The 'Sad Ditty' Born Of The Story Of Isabella

by John Payne

John Payne

Alack! ah who could the ill Christian be
That stole my pot away,
My pot of basil of Salern, from me?
'Twas thriv'n with many a spray
And I with mine own hand did plant the tree,
Even on the festal day.
'Tis felony to waste another's ware.

'Tis felony to waste another's ware;
Yea, and right grievous sin.
And I, poor lass, that sowed myself whilere
A pot with flowers therein,
Slept in its shade, so great it was and fair.
But folk, that envious bin,
Stole it away even from my very door.

'Twas stolen away even from my very door.
Full heavy was my cheer,
(Ah, luckless maid, would I had died tofore!)
Who loved it passing dear
Yet kept one day, through him whom I adore,
Ill ward upon my gear.
I planted it with marjoram about.

I planted it with majoram about,
When May was blithe and new;
Yea, thrice I watered it, week in, week out,
And watched how well it grew:
But now, for sure, away from me 'tis ta'en.

Ay, now for sure away from me 'tis ta'en;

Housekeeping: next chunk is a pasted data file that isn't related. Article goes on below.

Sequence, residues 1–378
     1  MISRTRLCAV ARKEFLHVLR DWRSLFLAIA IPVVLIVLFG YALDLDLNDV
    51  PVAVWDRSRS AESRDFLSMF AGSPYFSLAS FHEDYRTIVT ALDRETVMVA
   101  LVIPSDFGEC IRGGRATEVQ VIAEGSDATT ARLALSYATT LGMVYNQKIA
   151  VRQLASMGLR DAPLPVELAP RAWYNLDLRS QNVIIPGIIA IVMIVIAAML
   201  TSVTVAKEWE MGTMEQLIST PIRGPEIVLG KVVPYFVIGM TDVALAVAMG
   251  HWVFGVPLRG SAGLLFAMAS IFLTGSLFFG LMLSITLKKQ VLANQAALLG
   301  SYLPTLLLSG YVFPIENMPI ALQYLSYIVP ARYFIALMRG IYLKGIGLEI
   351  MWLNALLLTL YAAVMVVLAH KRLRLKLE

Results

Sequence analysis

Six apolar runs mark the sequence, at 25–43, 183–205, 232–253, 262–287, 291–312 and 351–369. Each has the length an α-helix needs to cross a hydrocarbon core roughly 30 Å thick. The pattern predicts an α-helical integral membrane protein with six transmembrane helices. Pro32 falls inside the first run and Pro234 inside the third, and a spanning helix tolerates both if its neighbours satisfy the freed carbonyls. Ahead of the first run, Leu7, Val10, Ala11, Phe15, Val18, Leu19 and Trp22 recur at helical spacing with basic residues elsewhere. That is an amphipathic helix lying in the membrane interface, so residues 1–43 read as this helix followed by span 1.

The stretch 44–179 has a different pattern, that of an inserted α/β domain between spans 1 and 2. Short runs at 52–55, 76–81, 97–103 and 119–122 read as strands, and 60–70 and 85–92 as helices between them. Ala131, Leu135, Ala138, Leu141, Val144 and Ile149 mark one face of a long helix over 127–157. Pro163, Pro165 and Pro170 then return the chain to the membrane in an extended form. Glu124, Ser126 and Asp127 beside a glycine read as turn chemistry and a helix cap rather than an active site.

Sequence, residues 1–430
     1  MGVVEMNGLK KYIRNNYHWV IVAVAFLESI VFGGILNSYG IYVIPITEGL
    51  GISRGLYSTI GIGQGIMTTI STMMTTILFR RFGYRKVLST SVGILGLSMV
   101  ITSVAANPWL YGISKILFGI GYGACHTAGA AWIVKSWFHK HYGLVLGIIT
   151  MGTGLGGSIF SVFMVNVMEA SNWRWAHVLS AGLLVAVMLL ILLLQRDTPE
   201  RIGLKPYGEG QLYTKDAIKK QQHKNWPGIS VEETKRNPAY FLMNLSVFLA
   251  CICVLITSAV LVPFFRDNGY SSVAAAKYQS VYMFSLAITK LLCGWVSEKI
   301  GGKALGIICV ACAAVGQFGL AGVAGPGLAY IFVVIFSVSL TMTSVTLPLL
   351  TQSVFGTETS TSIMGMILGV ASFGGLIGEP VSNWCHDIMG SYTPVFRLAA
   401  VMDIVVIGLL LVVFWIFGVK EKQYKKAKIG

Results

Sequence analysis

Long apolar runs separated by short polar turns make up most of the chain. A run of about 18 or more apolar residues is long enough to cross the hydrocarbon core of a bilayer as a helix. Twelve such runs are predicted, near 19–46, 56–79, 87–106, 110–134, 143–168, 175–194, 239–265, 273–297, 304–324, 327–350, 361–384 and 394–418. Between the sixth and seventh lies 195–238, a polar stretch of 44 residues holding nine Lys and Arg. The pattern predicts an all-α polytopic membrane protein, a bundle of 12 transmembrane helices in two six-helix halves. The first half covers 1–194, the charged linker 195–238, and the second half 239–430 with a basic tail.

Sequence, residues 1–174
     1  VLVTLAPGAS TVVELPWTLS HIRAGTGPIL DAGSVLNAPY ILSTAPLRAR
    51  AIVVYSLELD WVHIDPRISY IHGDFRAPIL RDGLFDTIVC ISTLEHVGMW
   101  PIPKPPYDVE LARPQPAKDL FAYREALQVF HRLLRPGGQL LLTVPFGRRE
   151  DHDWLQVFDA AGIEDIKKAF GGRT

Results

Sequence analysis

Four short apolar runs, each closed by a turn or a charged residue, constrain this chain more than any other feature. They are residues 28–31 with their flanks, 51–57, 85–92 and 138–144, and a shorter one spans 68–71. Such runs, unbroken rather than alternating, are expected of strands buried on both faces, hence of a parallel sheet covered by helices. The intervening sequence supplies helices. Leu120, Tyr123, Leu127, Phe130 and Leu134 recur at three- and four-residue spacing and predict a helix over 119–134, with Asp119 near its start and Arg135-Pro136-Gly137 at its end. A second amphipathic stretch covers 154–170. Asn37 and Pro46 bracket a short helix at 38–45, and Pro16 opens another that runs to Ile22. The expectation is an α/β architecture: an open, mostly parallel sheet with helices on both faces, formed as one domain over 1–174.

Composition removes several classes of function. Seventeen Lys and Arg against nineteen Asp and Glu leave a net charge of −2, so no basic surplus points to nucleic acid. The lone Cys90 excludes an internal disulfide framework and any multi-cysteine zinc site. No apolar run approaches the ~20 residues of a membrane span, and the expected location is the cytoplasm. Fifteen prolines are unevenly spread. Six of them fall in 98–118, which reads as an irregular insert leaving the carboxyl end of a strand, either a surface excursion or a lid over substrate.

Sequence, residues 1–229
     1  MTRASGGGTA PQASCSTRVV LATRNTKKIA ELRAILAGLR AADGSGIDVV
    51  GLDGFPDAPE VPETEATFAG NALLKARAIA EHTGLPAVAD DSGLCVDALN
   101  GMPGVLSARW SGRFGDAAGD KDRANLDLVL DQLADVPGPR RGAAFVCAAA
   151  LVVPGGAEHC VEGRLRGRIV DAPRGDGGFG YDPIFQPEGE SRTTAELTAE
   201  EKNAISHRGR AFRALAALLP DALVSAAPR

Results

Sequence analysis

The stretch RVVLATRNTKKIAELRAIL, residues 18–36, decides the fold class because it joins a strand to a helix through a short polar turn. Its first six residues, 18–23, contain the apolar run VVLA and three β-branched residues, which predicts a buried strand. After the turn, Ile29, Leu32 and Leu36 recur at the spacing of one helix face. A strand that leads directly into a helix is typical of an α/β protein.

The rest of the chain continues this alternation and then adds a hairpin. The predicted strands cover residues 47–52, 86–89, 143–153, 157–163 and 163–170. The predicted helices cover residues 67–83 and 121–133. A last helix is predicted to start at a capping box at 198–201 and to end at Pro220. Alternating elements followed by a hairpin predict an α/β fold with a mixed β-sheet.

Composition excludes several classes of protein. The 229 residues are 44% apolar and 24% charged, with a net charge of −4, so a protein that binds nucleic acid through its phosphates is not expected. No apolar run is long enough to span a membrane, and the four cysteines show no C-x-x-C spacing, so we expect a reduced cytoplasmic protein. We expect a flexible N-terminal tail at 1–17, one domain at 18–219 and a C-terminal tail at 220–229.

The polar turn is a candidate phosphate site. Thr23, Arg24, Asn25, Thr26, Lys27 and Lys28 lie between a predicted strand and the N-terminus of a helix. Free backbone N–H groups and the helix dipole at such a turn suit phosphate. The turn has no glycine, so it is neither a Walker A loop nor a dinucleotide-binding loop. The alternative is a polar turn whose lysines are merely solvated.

I may 't no longer hide.
Had I but known (alas, regret is vain!)
That which should me betide,
Before my door on guard I down had lain
To sleep, my flowers beside.
Yet might the Great God ease me at His will.

Yea, God most High might ease me, at His will,
If but it liked Him well,
Of him who wrought me such unright and ill;
He into pangs of hell
Cast me, who stole my basil-pot, that still
Was full of such sweet smell,
Its savour did all dole from me away.

All dole its savour did from me away;
It was so redolent,
When, with the risen sun, at early day
To water it I went,
The folk would marvel all at it and say,
"Whence comes this sweetest scent?"
And I for love of it shall surely die.

Yea, I for love of it shall surely die,
For love and grief and pain.
If one would tell me where it is, I'd buy
It willingly again.
Fivescore gold crowns, that in my purse have I,
I'd proffer him full fain,
And eke a kiss, if so it like the swain.

Last updated February 21, 2018